(a) she incurred danger by acting as she did. This was a proof of the sincerity of her profession. For no one willingly incurs danger for what he does not believe. And

(b) the reason for her acting as she did was faith in God. It might not have been a strong faith. It was certainly a faith which had not had many advantages. She could have known little about Jehovah; but she recognised His hand in the drying up of the Red Sea and the discomfiture of Sihon and Og. Then

(c) the seems to have lived up to her light. To be a harlot was no very grievous offence in the eyes of a people who regarded that profession as consecrated to the service of the gods, as was the case in Babylonia, Syria, Cyprus, Corinth, and a host of other places. Yet she was not idle, as the stalks of flax imply, and perhaps, in spite of her impure life, the guilt of which she had no means of realising, she might have been one of those ( Proverbs 31:18 ) who "seeketh wool and flax, and worketh willingly with her hands." And so she was permitted to "feel after God and find him" as other sinners have been, through His merits who cried, "Father, forgive them, for they know not what they do."

2. Her unselfishness. She receives the men, knowing the danger she was in. She risks her life rather than give them up. She takes every care for their safety by her prudence and the excellent advice she gives them. As the next section shows, she had a regard, not merely for her own safety, but for that of her kindred. And this is a proof that she had striven to a degree after better things. For it is well known that nothing more deadens men and women to the gentler impulses of our nature, nothing has a greater tendency to produce cruelty and callousness to suffering, than the systematic indulgence of sensual passion.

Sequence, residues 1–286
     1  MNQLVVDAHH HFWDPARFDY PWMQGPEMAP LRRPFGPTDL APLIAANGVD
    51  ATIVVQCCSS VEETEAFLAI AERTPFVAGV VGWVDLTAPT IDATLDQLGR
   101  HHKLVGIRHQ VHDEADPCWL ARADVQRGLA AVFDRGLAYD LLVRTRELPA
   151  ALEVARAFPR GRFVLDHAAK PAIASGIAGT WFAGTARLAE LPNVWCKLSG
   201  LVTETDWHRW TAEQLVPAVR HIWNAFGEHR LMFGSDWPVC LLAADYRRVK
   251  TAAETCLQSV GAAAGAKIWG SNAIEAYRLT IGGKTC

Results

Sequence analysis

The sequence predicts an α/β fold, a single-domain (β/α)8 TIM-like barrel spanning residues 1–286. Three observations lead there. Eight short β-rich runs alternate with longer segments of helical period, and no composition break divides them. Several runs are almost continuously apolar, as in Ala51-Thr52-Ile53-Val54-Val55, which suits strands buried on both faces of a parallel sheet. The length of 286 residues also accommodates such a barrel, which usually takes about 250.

3. Her falsehood. As the notes have shown, this was of course a sin, but in her case a venial one. Even Christian divines have held it to be a debatable question whether what Calvin calls a mendacium officiosum, a falsehood in the (supposed) way of duty, were permissible or not. And though this casuistry is chiefly that of Roman Catholic divines, yet Protestants have doubted whether a lie might not lawfully be told with the intent of saving life. In Rahab's time the question had never arisen. Heathen and even Jewish morality had hardly arrived at the notion that the truth must in all cases be spoken. Sisera requested Jael, as a matter of course, to do what Rahab did. Jonathan deceives his father to save David's life, and he is not blamed for doing so ( 1 Samuel 20:28 , 1 Samuel 20:29 ). David deceives Ahimelech the priest ( 1 Samuel 21:2 ). Even Elisha appears not to have adhered to strict truth in 2 Kings 6:19 , and Gehazi is not punished so much for his lie as for his accepting a gift which his master had declined. Jeremiah, again, tells without hesitation the untruth Zedekiah asks him to tell ( Jeremiah 38:24 27). How, then, should Rahab have known that it was wrong of her to deceive the messengers of the king, in order to save the spies alive?

4. Her treachery to her own people. This, under ordinary circumstances, would also have been a sin. But here the motive justifies the act. It was not the result of a mere slavish fear of Israelite success. It was due to the fact that she recognised the Israelites as being under the protection of the true God, who would punish the idolatry and impurity of the Canaanites. Resistance, she knew, was vain. Jehovah had given them the land. There could be no harm in delivering her own life, and and the life of those dear to her, from the general slaughter. Besides, neither as a probable consequence nor in actual fact did the escape of the spies, through Rahab, affect the fate of Jericho. Not as a thing probable from her action, for the report of the spies, though it might supply Joshua with valuable information, could not bring about the fall of Jericho. Her conduct was not like that of Ephialtes at Thermopylae, or of Tarpeia at Rome. Nor did the report of the spies actually bring about the fall of Jericho, for it was effected by supernatural means. In conclusion, it may be remarked that Rahab was in a sense the "first fruits of the Gentiles." She was justified by faith, not by works, in the sense in which St. Paul uses the words. That is to say, her former life had not entitled her to the favour of God, though her work in saving the spies was effectual as an evidence of her faith. She was forgiven, saved, numbered among faithful Israel, and became a "mother in Israel." And as a "woman that was a sinner," she was a type of those whom Jesus Christ came to save, who, "dead in trespasses and sins, were quickened" by the grace and mercy of the true Joshua, our Lord Jesus Christ.